Wisconsin crafts more than 600 varieties, types, and styles of cheese. So be creative! A cheese course can follow many themes – from mild to strong selections to a "flight" that features different styles of a single cheese variety. Just be sure guests know which Wisconsin Cheese they're enjoying. A cheese name card is often helpful.
A cheese course as a mid-meal transition allows guests to slow down and savor the dining experience. Serve small cheese portions if you are following with a dessert. But remember, cheese paired with fresh fruit and a classic dessert wine is also the perfect end to a meal.
For most occasions, offer three to five different cheeses on a cheese plate. More than this is typically too many for guests to fully enjoy.
Mild and creamy soft cheeses such as Mascarpone, Ricotta, and Feta make ideal ingredients for spreads and dips.
Shred, Grate, Slice or Chunk?
Shredded and grated cheeses work better than slices and chunks in spreads and dips because smaller bits blend with other ingredients more readily. Use shredded, shaved, and grated cheeses promptly; once cut, cheese becomes drier and loses flavor more rapidly.
Pulse. Process. Puree. Don't be afraid to use a food processor to achieve the desired dip consistency.
Forming the Cheese Balls
To make cheese balls, allow cheese to reach room temperature to enable blending into a cohesive mass. After mixing, the base will be soft. Scrape onto parchment paper or plastic wrap, place in a small bowl to encourage a round shape, and chill in the fridge before forming the balls.
Make your cheese balls a day or so ahead of time to acheive the right firmness. The chilling time also allows the flavors to meld and mellow.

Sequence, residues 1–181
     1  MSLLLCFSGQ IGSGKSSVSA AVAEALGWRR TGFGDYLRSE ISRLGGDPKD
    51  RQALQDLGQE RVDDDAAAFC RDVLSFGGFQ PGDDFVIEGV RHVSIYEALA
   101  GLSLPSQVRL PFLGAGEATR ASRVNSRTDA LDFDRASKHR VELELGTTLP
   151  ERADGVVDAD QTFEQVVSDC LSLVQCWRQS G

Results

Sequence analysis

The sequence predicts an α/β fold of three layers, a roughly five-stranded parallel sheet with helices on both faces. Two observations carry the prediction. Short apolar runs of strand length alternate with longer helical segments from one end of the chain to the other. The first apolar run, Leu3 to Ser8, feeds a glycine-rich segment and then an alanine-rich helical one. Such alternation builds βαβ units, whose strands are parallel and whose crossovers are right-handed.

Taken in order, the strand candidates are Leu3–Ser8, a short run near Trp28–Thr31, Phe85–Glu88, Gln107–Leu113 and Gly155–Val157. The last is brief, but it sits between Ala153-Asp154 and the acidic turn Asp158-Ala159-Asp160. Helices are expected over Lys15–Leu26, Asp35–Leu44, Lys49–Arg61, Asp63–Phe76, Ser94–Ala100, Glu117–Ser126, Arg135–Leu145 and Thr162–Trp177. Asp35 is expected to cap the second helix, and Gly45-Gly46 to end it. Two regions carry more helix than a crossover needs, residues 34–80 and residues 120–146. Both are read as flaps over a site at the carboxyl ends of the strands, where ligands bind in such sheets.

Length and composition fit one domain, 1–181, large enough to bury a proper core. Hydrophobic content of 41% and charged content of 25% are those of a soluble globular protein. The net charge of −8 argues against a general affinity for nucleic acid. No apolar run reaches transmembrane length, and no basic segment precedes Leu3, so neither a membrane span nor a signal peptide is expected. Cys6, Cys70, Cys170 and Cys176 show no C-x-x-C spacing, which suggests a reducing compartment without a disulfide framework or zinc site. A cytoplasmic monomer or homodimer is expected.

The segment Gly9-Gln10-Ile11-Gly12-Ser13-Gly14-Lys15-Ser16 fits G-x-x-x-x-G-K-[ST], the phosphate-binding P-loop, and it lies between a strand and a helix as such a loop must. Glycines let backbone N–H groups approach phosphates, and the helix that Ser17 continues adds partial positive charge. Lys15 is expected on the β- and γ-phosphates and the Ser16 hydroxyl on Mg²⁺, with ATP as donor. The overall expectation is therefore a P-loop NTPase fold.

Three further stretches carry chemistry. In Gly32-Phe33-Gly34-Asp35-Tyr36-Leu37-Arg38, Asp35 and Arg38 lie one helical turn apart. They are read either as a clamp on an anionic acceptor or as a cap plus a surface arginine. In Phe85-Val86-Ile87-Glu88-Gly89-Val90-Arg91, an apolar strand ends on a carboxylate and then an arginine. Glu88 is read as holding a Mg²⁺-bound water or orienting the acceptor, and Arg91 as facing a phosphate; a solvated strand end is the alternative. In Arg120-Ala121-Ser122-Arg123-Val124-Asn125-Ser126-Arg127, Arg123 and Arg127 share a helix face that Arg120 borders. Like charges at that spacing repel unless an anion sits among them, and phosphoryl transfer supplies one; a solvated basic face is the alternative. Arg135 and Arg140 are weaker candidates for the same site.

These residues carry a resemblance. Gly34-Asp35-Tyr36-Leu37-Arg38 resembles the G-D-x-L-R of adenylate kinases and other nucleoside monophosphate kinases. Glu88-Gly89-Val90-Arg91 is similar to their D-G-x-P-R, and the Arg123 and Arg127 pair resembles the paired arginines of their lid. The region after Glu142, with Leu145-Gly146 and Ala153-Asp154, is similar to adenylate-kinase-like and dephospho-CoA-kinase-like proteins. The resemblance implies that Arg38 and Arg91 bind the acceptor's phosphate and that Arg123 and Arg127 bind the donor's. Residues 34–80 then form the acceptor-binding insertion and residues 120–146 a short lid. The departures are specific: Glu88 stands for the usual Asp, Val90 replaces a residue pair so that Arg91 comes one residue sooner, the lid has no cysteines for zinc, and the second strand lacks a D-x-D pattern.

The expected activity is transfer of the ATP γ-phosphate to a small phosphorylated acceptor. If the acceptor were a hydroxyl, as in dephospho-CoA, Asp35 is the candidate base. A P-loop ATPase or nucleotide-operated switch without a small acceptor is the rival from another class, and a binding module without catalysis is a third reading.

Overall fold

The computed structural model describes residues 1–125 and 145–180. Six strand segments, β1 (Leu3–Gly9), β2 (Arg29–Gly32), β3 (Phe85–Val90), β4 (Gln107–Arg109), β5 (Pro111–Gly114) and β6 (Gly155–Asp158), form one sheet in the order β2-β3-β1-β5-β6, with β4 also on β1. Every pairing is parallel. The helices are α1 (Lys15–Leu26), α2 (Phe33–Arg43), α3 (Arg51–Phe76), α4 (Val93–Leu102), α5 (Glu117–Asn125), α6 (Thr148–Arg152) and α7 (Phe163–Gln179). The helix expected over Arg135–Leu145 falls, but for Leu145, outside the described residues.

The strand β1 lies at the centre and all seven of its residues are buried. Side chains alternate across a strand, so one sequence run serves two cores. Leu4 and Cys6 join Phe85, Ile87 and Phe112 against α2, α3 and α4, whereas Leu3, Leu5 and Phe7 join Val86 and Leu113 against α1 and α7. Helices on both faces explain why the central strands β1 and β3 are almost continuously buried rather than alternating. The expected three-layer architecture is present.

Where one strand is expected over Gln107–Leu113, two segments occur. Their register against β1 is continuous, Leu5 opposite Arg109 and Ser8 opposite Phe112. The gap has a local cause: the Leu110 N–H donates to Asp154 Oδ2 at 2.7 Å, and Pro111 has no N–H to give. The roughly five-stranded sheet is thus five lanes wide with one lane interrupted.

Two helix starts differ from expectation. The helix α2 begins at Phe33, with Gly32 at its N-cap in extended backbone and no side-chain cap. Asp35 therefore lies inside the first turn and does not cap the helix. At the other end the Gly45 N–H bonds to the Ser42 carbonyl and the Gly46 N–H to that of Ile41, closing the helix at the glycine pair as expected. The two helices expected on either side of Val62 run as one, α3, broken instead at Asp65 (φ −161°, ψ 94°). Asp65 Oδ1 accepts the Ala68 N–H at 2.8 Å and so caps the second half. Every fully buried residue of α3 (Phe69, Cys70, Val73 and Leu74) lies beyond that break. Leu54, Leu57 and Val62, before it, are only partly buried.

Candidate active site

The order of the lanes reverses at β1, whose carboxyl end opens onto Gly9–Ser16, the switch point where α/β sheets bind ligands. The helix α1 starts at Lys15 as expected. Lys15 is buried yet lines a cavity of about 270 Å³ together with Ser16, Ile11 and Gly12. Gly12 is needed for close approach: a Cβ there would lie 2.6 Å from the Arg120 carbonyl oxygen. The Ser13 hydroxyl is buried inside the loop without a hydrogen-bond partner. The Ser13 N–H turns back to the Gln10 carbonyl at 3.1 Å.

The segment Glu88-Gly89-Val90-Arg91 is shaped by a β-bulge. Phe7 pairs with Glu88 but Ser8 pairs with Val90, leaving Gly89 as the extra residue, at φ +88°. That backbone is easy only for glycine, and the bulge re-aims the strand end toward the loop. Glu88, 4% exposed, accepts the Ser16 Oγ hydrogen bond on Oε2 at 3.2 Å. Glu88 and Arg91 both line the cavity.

If coating your cheese balls with nuts, seeds, or herbs, roll and refrigerate them "uncoated" for up to 24 hours. Then roll the balls in the coating just prior to serving. This last-minute preparation prevents herb discoloration and preserves crunchy nuts and seeds.
To prevent curdling when melting a large quantity of cheese for fondue, always add a starch (such as flour) and an acid (such as juice or wine). Very soft and fresh cheeses, such as Feta and Mascarpone, require less liquid than their aged counterparts that are lower in moisture.
Grate, Shred or Crumble
Grate, shred, or crumble fondue cheeses into small pieces so they require less time to heat and melt. Add cheese little-by-little into the simmering fondue pot, stirring and melting each addition before adding the next. Great fondue requires some patience.
For traditional Swiss fondue, choose Wisconsin Alpine. This versatile and dense cheese is nutty, slightly fruity, and has a smooth texture — making it the classic choice for fondue. Emmentaler and Fontina are often used in Alpine fondues as well.